10.0.0.0/8                      172.16.0.0/16                192.168.10.0/24
RTA                                       RTB                         RTC                           RTD

.1                .2            .1               .2              .1            .2

DA = 192.168.10.2, TTL = 1

ICMP Time Exceeded, SA = 10.0.0.2

DA = 192.168.10.2, TTL = 2

ICMP Time Exceeded, SA = 172.16.0.2

DA = 192.168.10.2, TTL = 3

(Layer 2)                              (Layer 3)                                                              (Layer 4)   Tr.
Data Link    Data Link        ……       Source IP          Type           Chk         ID        Seq.   Data    DestPort    FCS
Destination  Source                    Add.               8              sum                   Num            35,000
192.168.10.2       0
Protocol field
1
TTL
3

The sending host, RTA:
 The traceroute program increments the TTL by 1 (now 3 ) and resends the
Packet.

193
10.0.0.0/8                          172.16.0.0/16                       192.168.10.0/24
RTA                                       RTB                                 RTC                                    RTD

.1                .2                .1                .2                    .1                .2

DA = 192.168.10.2, TTL = 1

ICMP Time Exceeded, SA = 10.0.0.2

DA = 192.168.10.2, TTL = 2

ICMP Time Exceeded, SA = 172.16.0.2

DA = 192.168.10.2, TTL = 3

RTA to RTB
(Layer 2)                            (Layer 3)                                                                           (Layer 4)          Tr.
Data Link    Data Link    ……         Source IP           Type            Chk            ID      Seq.      Data           DestPort           FCS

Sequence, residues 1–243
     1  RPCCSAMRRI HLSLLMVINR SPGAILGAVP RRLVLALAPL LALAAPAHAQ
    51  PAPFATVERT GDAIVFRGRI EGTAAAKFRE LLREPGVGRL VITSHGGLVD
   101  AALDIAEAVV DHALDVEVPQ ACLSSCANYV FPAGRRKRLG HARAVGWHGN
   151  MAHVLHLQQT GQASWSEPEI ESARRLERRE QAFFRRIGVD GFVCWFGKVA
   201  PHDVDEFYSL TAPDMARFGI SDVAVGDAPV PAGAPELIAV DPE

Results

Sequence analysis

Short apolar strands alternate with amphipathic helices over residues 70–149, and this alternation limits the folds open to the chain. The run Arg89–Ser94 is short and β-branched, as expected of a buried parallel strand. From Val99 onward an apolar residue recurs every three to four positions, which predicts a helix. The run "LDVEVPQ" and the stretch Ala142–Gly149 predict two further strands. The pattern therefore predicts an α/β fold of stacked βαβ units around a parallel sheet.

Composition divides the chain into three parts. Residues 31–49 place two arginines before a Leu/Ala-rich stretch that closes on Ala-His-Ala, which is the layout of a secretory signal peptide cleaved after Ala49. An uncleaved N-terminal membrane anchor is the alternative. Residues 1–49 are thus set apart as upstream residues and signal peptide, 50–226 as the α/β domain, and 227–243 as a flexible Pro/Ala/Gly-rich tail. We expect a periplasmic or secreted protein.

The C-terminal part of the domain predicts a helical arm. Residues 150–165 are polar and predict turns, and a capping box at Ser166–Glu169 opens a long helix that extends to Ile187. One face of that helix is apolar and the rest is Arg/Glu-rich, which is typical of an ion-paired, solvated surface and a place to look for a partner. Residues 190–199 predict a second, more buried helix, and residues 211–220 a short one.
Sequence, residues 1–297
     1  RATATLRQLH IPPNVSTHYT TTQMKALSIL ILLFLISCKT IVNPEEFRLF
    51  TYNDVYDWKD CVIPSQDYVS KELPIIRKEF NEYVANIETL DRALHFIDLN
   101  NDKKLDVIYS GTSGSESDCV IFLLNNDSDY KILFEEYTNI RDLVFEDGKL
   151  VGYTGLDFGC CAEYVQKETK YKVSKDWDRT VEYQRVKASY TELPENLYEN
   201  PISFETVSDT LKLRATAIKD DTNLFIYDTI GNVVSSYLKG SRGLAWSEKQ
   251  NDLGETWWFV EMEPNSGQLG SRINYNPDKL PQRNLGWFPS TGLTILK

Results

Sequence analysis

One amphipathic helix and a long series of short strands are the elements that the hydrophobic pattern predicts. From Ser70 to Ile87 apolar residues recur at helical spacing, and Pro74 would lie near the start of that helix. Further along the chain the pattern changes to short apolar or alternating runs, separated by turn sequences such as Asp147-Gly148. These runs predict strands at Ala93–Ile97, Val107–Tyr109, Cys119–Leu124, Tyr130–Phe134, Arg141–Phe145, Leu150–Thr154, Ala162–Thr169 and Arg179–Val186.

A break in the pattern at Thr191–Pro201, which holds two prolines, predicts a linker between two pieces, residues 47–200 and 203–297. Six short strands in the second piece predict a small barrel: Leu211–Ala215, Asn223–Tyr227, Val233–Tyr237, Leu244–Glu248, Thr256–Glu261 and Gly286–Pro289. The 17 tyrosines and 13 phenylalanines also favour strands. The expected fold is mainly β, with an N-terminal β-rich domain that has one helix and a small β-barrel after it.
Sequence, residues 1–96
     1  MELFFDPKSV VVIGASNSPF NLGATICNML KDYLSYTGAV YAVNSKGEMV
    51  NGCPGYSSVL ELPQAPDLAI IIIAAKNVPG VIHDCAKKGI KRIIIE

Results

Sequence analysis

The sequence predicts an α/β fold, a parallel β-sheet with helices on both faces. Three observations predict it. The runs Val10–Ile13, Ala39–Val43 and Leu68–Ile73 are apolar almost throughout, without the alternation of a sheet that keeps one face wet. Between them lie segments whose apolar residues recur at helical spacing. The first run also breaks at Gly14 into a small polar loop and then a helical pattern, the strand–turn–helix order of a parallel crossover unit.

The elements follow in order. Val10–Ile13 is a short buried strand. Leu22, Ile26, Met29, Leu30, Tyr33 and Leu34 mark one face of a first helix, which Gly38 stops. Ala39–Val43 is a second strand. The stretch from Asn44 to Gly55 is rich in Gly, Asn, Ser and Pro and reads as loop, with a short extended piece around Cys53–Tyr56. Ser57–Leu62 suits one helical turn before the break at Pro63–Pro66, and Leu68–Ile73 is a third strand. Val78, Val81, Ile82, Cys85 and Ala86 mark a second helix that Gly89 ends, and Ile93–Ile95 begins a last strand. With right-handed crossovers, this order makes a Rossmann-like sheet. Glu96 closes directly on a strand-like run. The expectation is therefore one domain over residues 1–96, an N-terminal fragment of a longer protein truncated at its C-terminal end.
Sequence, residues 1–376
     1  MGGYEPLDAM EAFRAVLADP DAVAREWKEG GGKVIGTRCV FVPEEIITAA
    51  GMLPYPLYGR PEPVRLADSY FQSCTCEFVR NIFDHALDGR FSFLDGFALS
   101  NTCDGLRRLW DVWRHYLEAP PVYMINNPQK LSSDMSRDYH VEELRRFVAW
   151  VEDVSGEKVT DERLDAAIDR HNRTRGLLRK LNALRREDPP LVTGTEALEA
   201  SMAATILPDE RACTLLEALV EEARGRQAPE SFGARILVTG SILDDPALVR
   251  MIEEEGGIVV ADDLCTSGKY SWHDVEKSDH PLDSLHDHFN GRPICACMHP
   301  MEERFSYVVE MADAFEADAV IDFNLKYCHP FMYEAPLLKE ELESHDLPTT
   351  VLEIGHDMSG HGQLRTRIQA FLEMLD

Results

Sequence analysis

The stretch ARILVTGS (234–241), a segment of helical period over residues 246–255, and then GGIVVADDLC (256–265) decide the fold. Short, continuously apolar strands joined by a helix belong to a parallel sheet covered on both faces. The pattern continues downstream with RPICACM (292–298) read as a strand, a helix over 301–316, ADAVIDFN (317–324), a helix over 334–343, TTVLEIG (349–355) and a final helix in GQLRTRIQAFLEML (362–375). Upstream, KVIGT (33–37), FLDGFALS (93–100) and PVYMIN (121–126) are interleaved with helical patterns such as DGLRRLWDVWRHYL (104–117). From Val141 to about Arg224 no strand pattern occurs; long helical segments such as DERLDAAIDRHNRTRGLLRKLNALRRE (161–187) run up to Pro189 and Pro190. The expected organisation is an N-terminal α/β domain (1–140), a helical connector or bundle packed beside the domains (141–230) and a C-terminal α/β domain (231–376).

Destination  Source                  Add.                8               sum                    Num                      35,000
192.168.10.2        0
Protocol field
1
TTL
3

RTB to RTC
(Layer 2)                                    (Layer 3)                                                                         (Layer 4)      Tr.
Data Link    Data Link         ……            Source IP          Type           Chk           ID         Seq.        Data       DestPort       FCS
Destination  Source                          Add.               8              sum                      Num                    35,000
192.168.10.2       0
Protocol field
1
TTL
2
.
RTC to RTD
(Layer 2)                                  (Layer 3)                                                                       (Layer 4)   Tr.
Data Link    Data Link          ……         Source IP             Type             Chk          ID       Seq.      Data     DestPort    FCS
Destination  Source                        Add.                  8                sum                   Num                35,000
192.168.10.2          0
Protocol field
1
TTL
1
194
10.0.0.0/8                        172.16.0.0/16           192.168.10.0/24
RTA                                       RTB                         RTC                      RTD

.1                .2              .1               .2         .1            .2

DA = 192.168.10.2, TTL = 1

ICMP Time Exceeded, SA = 10.0.0.2

DA = 192.168.10.2, TTL = 2

ICMP Time Exceeded, SA = 172.16.0.2

DA = 192.168.10.2, TTL = 3

RTB
 This time RTB decrements the TTL by 1 and it is NOT 0. (It is 2.)
 So it looks up the destination ip address in its routing table and forwards it on to the next
router.
RTC
 This time RTC decrements the TTL by 1 and it is NOT 0. (It is 1.)
 So it looks up the destination ip address in its routing table and forwards it on to the next